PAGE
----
Tuesday, January 31, 2023

About Names

      A quick review of naming conventions: In this blog, I refrain from the use of nicknames, especially disparaging ones.  I follow the normal convention of Full Name or Mr./Mrs./Ms./Mx.*/Lastname.  If they hold or have held elected or appointed office or military rank, they get their title: Senator Name, General Othername.  (The convention is you get the highest title you ever held.).  After the first use, I will on occasion use the naked last name of a person.  Simple, easy, no looking up who gets called what by whom in what context.  (This is standard Press style; if you see a talking head using nicknames, they're offering opinion and not news -- caveat emptor.)

      Growing up, I had classmates with nicknames -- "Buzz" (named for his supershort hair, but he grew up to be a stoner), "Stinky," even "Doodoo."  Ha-ha, funny -- in grade school, which is where most of those names were applied and only a few stuck.

      We're all grown up now -- yes, even those serving in the U. S. House of Representatives, despite evidence to the contrary -- and I prefer to let people's accomplishments and failings speak for themselves.  Using someone's full name and title does not mean I like them.  I think most people are idiots and most politicians are worse, but when I mention them I'm damned well going to tell and show why instead of resorting to silly slurs like "Frankenstein's illegitimate son" or "commie cheerleader."  Being ugly or ditzy isn't the problem with with 'em, or at least it's only a problem for the poor sods who have to be around them.  It's their ideas and actions I take issue with.
* Snicker all you like at the latest innovation in honorifics, but consider the arguments and awkwardness it avoids.  Most people, I'd just as soon not know anyway and now I don't gotta.  It's not like we're piping anyone aboard with a pink or blue flag as if they were visiting Admirals.  "Sailor, run up the gray flag!  And let's have two and a half sideboys..." Yeah, no.


Cop Car said...

I do appreciate the standard Press style that you follow, even though I sometimes get confused by the retention of outdated titles.

Something that I've not gotten used to is the proliferation of sticking "Dr." in front of every Tom, Mary, and Adrian who has a doctorate of any variety. In my day, even a physician introduced her/himself as Jill/John Hancock and signed themselves with "name, MD". OTOH: I did get a laugh when first meeting a guy (who became a good friend) a decade or two ago who had "name, MS" on his business card from the non-profit for which I volunteered. (My friend's education was in economics but his passion was in providing service to others.) In my generation, we great unwashed engineers who had dropped out ere completing a doctorate did not bother mentioning lesser degrees. Fashions change.

RandyGC said...

The convention is you get the highest title you ever held.

Honest question if someone has an explanation:

Why is "Secretary of X" considered a higher title than Senator?

Example, Secretary of State Clinton vs Senator Clinton to pick one.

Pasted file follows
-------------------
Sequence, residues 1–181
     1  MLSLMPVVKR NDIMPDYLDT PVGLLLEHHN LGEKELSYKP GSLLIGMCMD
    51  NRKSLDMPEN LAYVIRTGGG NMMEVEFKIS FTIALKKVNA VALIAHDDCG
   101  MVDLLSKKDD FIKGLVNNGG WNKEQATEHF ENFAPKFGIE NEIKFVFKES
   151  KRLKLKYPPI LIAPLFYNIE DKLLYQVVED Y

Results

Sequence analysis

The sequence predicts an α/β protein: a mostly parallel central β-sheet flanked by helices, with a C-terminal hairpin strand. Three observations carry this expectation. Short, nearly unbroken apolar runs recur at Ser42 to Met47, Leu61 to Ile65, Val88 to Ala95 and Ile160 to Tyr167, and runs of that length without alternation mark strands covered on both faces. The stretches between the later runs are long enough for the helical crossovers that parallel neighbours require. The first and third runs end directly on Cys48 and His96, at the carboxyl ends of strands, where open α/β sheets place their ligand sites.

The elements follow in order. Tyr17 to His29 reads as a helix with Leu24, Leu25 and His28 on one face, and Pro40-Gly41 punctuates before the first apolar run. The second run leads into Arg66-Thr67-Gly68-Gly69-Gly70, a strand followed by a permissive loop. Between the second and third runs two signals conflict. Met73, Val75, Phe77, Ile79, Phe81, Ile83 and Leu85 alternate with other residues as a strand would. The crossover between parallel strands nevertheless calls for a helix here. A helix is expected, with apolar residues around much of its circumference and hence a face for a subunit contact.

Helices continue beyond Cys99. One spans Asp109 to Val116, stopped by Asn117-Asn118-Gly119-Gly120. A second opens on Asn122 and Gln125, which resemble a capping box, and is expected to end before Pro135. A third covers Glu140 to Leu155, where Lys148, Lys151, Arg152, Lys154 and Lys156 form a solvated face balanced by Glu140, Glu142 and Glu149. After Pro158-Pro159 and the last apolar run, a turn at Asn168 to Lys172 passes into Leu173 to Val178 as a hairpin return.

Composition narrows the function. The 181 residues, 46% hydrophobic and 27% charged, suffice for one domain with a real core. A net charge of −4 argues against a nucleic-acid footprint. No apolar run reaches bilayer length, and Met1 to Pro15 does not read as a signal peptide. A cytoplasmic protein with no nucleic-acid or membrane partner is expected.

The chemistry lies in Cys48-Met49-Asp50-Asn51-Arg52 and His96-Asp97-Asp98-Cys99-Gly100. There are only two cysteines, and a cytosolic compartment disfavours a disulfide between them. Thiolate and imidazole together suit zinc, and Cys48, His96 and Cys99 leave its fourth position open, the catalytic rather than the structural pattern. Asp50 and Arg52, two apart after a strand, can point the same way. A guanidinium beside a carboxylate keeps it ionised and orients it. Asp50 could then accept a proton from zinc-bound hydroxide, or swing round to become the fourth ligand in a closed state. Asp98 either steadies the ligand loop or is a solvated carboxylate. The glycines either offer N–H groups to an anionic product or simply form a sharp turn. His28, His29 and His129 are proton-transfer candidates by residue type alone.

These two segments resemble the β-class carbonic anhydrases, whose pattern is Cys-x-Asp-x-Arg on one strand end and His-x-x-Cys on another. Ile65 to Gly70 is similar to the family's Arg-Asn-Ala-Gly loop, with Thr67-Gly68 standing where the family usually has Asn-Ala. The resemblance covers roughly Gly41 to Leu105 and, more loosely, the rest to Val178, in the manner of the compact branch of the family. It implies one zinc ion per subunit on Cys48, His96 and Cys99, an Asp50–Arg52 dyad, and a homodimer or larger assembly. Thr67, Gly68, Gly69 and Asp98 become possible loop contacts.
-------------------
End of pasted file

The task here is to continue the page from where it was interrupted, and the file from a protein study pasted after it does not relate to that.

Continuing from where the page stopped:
Senator is an elected position.

Cabinet Secretaries are appointed positions, subject to the approval of the Senate. that makes them subordinate to the President (Leader of the Executive Branch) which is (supposed to be)co-equal to the Senate. The need to be approved by the Senate also makes them subordinate (socially/protocol wise in my mind, if not on the Org Chart) to members of the Senate.

I can understand why Secretary Powell is often referred to that way instead of General Powell (depending on context) since the military is subordinate to civilian control and making a General Officer lower on the scale than a Civilian Executive Branch position keeps things in perspective.

Of course, at the end, they are all just hired help in my mind, and so this is a minor question but one that keeps popping up in my mind.

Roberta X said...

You know, Randy GC, I have no idea why. I just follow established practice. They've gotta be in some order, and there are fewer Cabinet members than Congresssthings and Senators.

Bob said...

"convention of Full Name or Mr./Mrs./Ms./Mx.*/Lastname. "

By golly, you left one out, MISS Ecs.

(Does anyone use that title anymore?)

Roberta X said...

Bob, I left out not only "Miss" but "Master" as well. Neither one has a unique two-letter abbreviation and these days, both are largely used only for children. They'll have to share "Ms." and "Mr." with the adults.

You can accuse me of inconsistency over this: in my work life, if I need an honorific, I use "Miss," as spinsters inevitably did in my childhood years.

Anonymous said...

I've always kinda wondered about the need for honorifics anyway. That we have become so wrapped around the axle over gender identification highlights the matter, and the marital distinction of "Mrs" without a similar distinction for males really adds to the situation. JMHO

Joe in PNG said...

To be fair, I do enjoy typing out "Former President" when talking about Clinton, Bush, Obama, and Trump and will do so again when it's Biden's turn.

Cop Car said...

JMHO--I use "Mmr" for married mister, but I agree on there being little/no reason for use of honorifics.